As Oregon State University-Cascades is getting ready for new dorms, the future of COCC dorm students may be changing, too. This summer, the Oregon State Legislature approved a $16 million bond allocation to help turn OSU-Cascades into a functioning four-year university. But since the location chosen for OSU-Cascades is not near COCC, the question arises: Where will dorm students, especially those considering dual enrollment, be heading next? COCC or OSU-Cascades?
The new residence hall at COCC, planned to begin construction this year, may keep students. The expansion at the campus is a positive factor, according to Megan Bernard, the director of Residence Life at COCC.
“COCC’s new dorm should bring more people,” Bernard said. “For OSU-Cascades moving down in Bend, I think it would affect the student numbers, but not by a huge amount.”
The new residence hall could make a difference in where people want to stay, and go. While the current residence hall at COCC only holds 100 students, the new proposed building will bring those numbers up to 330. And for both COCC and OSU-Cascades, much of the dorm residence areas will have been built recently.
Danny Cecchini, admissions coordinator for OSU-Cascades, says the two new OSU-Cascades housing buildings planned to be built off Mt. Washington Drive and 14th Street will be up-to-date.
“I think we will see more students choosing to live in the [OSU-Cascades] residence hall and for longer as the new facilities go online,” said Cecchini.
Cost is another focal point in determining where students stay for their higher education. For COCC students living in a residence hall, the estimated total cost is $17,067 per year. But for in-state OSU-Cascades students living on-campus, the estimated cost is $21,575 per year. And that number does not consider what the costs of living in new dorms or attending the new campus may be.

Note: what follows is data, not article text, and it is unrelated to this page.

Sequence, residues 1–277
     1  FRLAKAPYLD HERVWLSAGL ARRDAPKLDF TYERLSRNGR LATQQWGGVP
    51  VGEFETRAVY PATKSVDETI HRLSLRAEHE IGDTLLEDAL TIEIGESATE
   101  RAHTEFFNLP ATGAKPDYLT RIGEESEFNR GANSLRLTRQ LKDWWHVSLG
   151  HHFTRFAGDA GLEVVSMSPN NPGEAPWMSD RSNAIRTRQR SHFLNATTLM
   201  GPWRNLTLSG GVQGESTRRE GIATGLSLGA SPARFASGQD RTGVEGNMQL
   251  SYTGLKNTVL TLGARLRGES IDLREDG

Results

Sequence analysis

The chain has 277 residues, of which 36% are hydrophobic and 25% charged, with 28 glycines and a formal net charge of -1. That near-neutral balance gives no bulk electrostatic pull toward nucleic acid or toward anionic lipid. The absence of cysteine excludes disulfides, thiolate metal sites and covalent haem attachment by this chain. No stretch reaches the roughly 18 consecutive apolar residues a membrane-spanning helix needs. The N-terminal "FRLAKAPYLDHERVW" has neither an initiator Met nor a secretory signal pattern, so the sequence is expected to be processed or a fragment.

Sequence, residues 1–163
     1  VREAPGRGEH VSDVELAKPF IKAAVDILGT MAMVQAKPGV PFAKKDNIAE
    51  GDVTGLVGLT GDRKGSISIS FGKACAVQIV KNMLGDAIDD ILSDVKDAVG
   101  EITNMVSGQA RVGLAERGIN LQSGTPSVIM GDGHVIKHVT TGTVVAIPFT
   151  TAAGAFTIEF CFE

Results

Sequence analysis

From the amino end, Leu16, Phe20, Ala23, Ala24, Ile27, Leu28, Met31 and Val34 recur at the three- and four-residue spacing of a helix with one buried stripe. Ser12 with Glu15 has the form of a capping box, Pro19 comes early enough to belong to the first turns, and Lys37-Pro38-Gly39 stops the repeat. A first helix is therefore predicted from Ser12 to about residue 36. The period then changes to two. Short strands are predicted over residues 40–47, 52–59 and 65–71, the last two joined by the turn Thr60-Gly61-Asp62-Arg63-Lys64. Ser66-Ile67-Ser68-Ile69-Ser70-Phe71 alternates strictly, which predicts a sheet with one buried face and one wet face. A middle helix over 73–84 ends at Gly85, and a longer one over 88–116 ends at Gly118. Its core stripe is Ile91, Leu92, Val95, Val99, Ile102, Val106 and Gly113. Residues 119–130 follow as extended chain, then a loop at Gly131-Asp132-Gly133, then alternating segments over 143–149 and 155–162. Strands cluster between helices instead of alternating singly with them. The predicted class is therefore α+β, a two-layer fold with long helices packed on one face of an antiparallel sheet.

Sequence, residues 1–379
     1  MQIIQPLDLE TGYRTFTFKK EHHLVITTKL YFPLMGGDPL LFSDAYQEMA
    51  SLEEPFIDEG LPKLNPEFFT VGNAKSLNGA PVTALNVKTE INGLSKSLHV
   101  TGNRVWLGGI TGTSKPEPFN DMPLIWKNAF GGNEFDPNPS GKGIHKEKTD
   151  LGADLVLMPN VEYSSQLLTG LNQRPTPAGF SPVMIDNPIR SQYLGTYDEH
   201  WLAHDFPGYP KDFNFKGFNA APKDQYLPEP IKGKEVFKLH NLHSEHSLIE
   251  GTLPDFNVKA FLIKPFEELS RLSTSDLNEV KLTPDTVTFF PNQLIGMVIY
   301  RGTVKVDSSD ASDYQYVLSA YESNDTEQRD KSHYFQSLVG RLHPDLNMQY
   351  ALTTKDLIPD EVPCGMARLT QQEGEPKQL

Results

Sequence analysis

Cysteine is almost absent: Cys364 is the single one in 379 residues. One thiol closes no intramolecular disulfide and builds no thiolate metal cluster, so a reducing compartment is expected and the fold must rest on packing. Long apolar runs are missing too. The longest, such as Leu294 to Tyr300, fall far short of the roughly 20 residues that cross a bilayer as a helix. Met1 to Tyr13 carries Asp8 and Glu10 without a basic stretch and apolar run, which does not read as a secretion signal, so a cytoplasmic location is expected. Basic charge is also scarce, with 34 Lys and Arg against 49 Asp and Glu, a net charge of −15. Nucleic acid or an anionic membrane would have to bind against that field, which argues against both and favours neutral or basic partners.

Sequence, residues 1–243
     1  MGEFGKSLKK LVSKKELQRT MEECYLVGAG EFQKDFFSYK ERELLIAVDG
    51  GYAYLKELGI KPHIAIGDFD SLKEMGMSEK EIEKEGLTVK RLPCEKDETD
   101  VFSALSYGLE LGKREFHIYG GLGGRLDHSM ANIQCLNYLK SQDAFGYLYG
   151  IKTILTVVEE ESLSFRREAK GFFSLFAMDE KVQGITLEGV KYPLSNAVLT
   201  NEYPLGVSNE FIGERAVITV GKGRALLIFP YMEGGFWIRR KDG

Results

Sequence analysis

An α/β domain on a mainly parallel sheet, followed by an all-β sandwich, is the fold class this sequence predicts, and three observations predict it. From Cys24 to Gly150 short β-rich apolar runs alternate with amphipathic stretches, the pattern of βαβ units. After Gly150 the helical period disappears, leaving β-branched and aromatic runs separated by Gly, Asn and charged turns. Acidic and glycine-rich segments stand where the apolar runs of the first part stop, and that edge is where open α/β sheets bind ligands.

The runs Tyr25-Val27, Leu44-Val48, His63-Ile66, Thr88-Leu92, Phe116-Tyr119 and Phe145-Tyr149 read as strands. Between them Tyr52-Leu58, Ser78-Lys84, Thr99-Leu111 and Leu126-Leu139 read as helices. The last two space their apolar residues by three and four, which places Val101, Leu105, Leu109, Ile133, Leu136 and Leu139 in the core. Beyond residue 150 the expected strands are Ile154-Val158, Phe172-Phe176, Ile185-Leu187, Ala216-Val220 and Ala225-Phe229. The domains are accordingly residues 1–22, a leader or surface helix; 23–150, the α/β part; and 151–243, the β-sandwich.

Megan Bernard, COCC residence life director, thinks the price tag will be a determining factor in where students board.
“It’s just cheaper to stay at a community college,” she said. “Students can go to COCC and then transfer [to OSU-Cascades] if they want to go further.”
Cecchini and Bernard both think the expansion will not weaken OSU-Cascades’ partnership with COCC.
“There are a lot of students in the residence hall that are COCC students that plan to transfer to OSU-Cascades someday,” Cecchini said. “Nothing will change for those students. If they start at COCC they will be able to live in the new residence hall at COCC and then have the option to stay in the OSU-Cascades new residence halls when they transfer over.”
Another influence in where students stay is what degrees they choose. While OSU-Cascades is planning to significantly increase its listed majors, it will not offer everything COCC has.
Cecchini thinks this is a key decision-maker.
“COCC offers a lot of technical programs that we will never offer, and conversely, OSU-Cascades offers bachelor’s degrees and master’s degrees that COCC will never offer,” Cecchini said.
One class of students is excluded from COCC’s residence hall: those from foreign countries. Cecchini said OSU-Cascades does encourage these students to come and stay, and that will make a slight difference in dorm numbers.
“Since COCC doesn’t admit international students, they [international students] will not have to worry about choosing which higher ed institution they will live at,” said Cecchini.
But for the future, Cecchini says he hopes both OSU-Cascades and COCC will retain students.
“I’m excited to see what living opportunities both institutions come up with for the students,” Cecchini said.